6.3.1 Management Plan
The Project has enhanced and preserved wetlands within the existing preserve area that provide foraging and roosting habitat for wading birds. In addition, construction of the Project’s stormwater management ponds will provide foraging habitat for a variety of wading bird species, including the little blue heron.
No wading bird nests were observed during the March 2021 PSS; however, if active wading bird nests are found within the Project limits, the applicant will coordinate with FWCC to obtain applicable permits, as necessary.
Problematic encounters between future residents and wading birds are not anticipated. Construction personnel, maintenance staff, and homeowners will be informed that the wading birds are a protected species and will be provided with a wading bird informational brochure (Appendix F)
6.4 Florida Black Bear Management Plan
Though no Florida black bear or their sign were documented on the Project site during the PSS, it is anticipated that Florida black bears are within the general vicinity of the Project. The following management plan has been prepared for the purpose of addressing the management of potential black bear activities. The Florida black bear is not listed by the FWCC or USFWS. However, the FWCC and the Lee County LDC have specific management activities for this species.
The Florida black bear is a subspecies of the American black bear (Ursus americanus). The Florida black bear is a solitary animal that inhabits heavily wooded terrain and is most often found in large tracts of swamp forest and
6 undisturbed upland forest. Some of the most important habitat types for the Florida black bear include pine flatwoods, hardwood swamps, cypress (Taxodium sp.) swamps, cabbage palm (Sabal palmetto) forests, sand pine scrub, and mixed hardwood hammocks. Denning often occurs in remote swamps or thickets with dense vegetation. Adult females breed in alternating years during the months of June and July. In Florida, hibernation may be restricted to females producing cubs. Hibernation most often occurs during the winter months. The diet of Florida black bears is highly variable and includes both plants and animals including saw palmetto, berries, honeybees (Apis sp.), ants (Formicidae sp.), armadillo (Dasypus novemcinctus), feral hog (Sus scrofa), and white-tailed deer (Odocoileus virginianus) (Humphrey 1992).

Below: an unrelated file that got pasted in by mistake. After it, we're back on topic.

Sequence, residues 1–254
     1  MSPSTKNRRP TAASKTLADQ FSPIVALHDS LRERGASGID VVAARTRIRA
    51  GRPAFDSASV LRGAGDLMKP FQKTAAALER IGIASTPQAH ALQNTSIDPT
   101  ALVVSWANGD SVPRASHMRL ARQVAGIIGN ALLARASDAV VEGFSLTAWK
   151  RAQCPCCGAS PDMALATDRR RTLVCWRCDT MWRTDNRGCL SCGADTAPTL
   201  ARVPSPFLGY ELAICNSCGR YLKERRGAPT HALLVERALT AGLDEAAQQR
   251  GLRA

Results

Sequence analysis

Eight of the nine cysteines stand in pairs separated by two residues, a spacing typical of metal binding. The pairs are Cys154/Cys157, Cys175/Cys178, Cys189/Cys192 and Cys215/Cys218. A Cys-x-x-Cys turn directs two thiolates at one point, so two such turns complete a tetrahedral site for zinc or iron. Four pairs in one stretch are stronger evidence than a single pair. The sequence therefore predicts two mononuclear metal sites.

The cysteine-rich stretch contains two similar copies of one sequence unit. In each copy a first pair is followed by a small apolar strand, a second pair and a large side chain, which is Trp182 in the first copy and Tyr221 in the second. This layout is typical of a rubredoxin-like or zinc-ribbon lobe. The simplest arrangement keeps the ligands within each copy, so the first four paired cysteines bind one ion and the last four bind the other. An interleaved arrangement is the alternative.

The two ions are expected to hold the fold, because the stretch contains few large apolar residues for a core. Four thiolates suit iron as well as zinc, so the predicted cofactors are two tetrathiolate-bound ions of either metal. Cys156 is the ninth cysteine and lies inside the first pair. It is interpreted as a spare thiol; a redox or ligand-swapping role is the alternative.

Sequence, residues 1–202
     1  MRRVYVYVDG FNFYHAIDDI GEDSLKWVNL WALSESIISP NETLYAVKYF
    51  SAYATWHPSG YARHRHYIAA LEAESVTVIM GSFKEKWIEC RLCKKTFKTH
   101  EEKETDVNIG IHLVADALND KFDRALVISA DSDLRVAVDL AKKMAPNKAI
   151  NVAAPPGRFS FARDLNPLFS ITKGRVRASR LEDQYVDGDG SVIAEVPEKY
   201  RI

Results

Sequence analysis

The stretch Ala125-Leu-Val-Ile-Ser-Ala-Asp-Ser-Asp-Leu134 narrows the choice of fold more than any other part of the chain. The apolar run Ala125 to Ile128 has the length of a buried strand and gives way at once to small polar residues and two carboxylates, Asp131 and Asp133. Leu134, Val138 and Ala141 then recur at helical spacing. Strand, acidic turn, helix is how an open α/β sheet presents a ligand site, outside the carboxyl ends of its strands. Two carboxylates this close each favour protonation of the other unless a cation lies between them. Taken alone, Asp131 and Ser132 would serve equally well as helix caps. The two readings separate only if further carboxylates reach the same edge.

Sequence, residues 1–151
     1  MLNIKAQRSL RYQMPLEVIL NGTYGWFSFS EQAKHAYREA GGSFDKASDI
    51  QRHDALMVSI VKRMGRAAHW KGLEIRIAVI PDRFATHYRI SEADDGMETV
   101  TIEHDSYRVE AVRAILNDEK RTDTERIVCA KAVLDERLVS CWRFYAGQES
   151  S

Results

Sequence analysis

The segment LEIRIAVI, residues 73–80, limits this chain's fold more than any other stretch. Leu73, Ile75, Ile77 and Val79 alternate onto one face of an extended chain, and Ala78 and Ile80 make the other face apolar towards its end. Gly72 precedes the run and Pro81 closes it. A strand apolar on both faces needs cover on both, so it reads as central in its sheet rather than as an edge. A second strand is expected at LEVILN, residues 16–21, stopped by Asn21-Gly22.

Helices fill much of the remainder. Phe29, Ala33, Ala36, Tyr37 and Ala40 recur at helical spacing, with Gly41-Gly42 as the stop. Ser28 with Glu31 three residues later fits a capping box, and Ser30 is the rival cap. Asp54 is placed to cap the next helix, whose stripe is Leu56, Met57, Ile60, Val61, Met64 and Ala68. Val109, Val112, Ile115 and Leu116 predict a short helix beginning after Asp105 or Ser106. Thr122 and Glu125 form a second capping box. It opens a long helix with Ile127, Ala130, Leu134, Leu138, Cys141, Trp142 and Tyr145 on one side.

6.4.2 Management Plan
Problematic encounters between humans and black bears are not anticipated. However, to reduce the potential for problematic encounters, homeowners and construction personnel will be provided with FWCC’s educational brochure entitled “A Guide to Living in Bear Country” (Appendix G).
7.0 HUMAN-WILDLIFE COEXISTENCE PLAN
The following Human-Wildlife Coexistence Plans are provided for the American alligator, wading birds, and Florida black bear.
7.1 American Alligator
The FWCC’s educational brochure entitled “A Guide to Living with Alligators” (Appendix E) will be provided to construction personnel, fire fighters, and administration staff. The brochure can be found at http://myfwc.com/media/152524/Alligator_Brochure.pdf.
Construction personnel, maintenance staff, and homeowners will be instructed that in the event there is a problem with a persistent nuisance alligator, they should contact the FWCC’s Nuisance Alligator Hotline at 866-FWC-GATOR (866-392-4286). The FWCC is the only agency empowered to handle nuisance alligators.
7.2 Wading Bird
A wading bird informational brochure entitled “Wading Bird Informational Pamphlet” (Appendix F) will be provided to construction personnel, maintenance staff, and homeowners. The brochure provides wading bird information and methods to prevent human-wading bird interactions. In addition, the brochure informs construction personnel, maintenance staff, and homeowners of the need to avoid disturbance around a nest(s), should a wading bird nest(s) be identified on the property in the future.
7 7.3 Florida Black Bear
Homeowners and construction personnel will be educated about the presence of black bears in the area. FWCC’s educational brochure entitled “A Guide to Living in Bear Country” (Appendix G) will be provided to fire fighters and administration staff. This brochure can be found at http://myfwc.com/wildlifehabitats/managed/bear/brochures/.
8.0 PRESERVE SIGNAGE
Signage shall be placed around preserve areas to identify and protect the preserves during construction. The signs shall be no closer than ten feet from residential property lines, be limited to a maximum height of four feet and a maximum size of two square feet, and otherwise comply with Section 5.06.00 of the LDC. Maximum sign spacing shall be 300 feet. Signs identifying the preserve as a “nature preserve area” will be installed along the boundary of the preserve. The signage should include language stating, “No dumping allowed.” A typical preserve sign is attached as Appendix D.
Florida Natural Areas Inventory. 2010. Guide to the natural communities of Florida: 2010 edition. Florida Natural Areas Inventory, Tallahassee, Florida.